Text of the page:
Are games art?
It's a more interesting question than you might think. Even the biggest developers frequently design their wares to be flashy disposable toys rather than lasting artistic works, but Superbrothers: Sword & Sworcery EP is a determined stride in the opposite direction.
Taking the role of a Scythian warrior, you'll embark on an epic adventure to reclaim a magical artifact by exploring a rich 2D environment, solving some light puzzles and engaging in streamlined combat. The story is derivative by design; evoking fond memories of classic adventure games whilst poking fun at genre conventions. Its puzzles are clever, the premise is sound and the adventure is addictively compelling.
But this is just half of the experience - and whilst I can't really discuss what's really going on for the sake of, you know, rampant spoilers, Sworcery does its best to make you think about what it means to be a gamer as well as what games ultimately are. After all, you take time out of each episode to converse with a mysterious cigar smoking "Archetype," which should already start alarm bells ringing. Deeper meanings and commentary abound, and you'll need to use your head for more than just puzzle solving.
Sworcery is an attempt to create a multi-sensory synesthesia experience, and manages to absolutely nail the concept of blending visuals, sounds and tactile feedback. Its lush sprite-based visuals are a deliberate throwback to classic adventure games whilst being beautiful in their own right, and the soundtrack is gorgeous without hyperbole. The 3D audio goes beyond the excellent music; providing an ambient audial treat that's best enjoyed with a pair of good headphones. An accessible touchscreen interface encourages players to poke and prod at everything and everything, providing slick control and another level of immersion.
But the writing ultimately steals the show, and in an interesting twist, each and every description or line of dialogue is less than 130 characters long. Twitter is built into every aspect of Sworcery, meaning that you can tweet pretty much anything at any time. As well as being a phenomenally cynical marketing tool, this also arguably turns the solo outing into an organic, online experience that blurs the boundaries between online social networks and game world. Or not. Like most works of art, judgement is in the eye of the beholder.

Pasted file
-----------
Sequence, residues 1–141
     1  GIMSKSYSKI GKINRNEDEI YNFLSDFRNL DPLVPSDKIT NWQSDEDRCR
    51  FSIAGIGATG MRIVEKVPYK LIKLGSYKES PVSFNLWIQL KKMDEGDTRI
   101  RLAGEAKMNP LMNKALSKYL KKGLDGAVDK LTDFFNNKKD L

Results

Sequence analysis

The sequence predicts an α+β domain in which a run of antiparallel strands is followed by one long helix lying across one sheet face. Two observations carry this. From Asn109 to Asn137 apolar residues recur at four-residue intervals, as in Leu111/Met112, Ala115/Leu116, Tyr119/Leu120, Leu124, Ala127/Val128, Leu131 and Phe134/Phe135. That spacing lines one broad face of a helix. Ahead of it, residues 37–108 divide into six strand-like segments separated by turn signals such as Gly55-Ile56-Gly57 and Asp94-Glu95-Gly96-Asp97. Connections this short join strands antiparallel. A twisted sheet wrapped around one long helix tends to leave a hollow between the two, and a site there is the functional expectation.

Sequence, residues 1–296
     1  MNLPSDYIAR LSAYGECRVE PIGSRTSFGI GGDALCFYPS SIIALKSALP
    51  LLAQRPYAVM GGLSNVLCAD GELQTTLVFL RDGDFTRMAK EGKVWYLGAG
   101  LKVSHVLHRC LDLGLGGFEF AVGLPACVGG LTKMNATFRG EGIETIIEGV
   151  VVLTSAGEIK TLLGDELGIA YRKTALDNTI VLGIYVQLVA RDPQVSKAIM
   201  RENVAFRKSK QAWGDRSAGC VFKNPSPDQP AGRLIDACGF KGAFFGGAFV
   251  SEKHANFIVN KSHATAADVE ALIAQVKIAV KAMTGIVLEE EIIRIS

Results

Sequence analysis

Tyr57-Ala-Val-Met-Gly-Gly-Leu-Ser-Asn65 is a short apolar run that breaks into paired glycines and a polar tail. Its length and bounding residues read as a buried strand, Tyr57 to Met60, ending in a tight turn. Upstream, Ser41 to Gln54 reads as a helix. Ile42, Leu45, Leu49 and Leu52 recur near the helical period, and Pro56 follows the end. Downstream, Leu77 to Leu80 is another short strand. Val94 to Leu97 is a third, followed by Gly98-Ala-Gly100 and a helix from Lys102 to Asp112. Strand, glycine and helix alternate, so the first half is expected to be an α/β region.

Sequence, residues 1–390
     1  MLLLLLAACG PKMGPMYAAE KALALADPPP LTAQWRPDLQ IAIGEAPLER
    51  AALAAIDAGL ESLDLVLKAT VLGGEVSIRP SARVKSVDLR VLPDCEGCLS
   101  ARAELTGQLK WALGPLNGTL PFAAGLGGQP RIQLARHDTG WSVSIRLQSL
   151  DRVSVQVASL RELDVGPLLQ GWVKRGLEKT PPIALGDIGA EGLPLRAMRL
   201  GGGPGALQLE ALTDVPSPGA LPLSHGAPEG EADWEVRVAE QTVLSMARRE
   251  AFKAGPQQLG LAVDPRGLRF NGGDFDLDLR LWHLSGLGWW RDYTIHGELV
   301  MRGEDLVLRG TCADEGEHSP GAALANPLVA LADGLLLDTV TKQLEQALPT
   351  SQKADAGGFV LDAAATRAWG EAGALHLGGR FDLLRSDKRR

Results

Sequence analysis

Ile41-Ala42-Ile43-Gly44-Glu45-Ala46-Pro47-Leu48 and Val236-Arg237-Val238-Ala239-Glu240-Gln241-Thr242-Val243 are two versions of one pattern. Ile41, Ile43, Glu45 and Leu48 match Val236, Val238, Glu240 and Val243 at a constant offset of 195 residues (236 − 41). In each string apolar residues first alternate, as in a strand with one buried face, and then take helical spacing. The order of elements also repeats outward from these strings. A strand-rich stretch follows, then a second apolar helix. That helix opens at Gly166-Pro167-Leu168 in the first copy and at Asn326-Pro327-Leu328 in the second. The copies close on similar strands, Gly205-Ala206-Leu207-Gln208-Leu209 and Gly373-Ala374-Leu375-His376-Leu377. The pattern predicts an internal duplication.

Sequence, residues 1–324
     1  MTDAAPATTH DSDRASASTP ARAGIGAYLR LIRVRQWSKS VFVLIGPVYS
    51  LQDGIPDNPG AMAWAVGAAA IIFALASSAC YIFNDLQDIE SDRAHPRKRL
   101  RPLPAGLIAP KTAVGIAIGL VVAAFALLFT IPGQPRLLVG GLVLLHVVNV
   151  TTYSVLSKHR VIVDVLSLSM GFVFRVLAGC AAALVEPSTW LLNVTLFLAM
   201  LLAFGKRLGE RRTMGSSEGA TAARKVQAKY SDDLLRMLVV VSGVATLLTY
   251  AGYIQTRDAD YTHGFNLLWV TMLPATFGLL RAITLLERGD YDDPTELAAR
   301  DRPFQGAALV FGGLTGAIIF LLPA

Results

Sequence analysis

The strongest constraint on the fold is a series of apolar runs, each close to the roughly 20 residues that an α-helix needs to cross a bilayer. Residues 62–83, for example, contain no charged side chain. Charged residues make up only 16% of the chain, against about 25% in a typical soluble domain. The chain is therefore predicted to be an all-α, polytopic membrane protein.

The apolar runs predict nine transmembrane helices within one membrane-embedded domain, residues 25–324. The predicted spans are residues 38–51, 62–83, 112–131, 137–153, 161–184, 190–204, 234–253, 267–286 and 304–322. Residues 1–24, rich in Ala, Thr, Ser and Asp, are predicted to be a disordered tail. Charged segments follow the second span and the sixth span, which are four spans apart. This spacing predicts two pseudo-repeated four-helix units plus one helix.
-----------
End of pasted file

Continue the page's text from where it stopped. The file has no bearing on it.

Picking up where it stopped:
Frankly, playing Sworcery will genuinely enrich your life. It's food for the soul.
My one gripe - and please understand that this is a personal bugbear - is that Sworcery tries a little too hard to be 'arty' and 'experimental' for the sake of it. Rather than sitting back and letting us journalists proudly proclaim that the experience is a work of art, it continually barrages the player with pretentious comments and design touches that are blatantly ordained to rub our faces in just how kooky everything is. It's a tad embarrassing to be honest.
A work of art can be recognised as such without it having to constantly tell you so. But despite its pretension, Superbrothers: Sword and Sworcery EP is an outstanding game that that deserves every shred of attention it so desperately craves.
- A perfect fusion of visuals, audio and touch
- Simultaneously referential and unique
- Incredibly deep, introspective and surprising
- Deeply, deeply cynical
Summary: Superbrothers: Sword & Sworcery EP is a worthwhile, unique and cerebral game that that's genuinely good for the soul. Cynical or no, it's an essential purchase and an experience that will be talked about for years to come.
Developer: Capybara Games
Compatibility: Compatible with iPad. Requires iOS 3.2.1 or later.
Price: £2.99 - App Store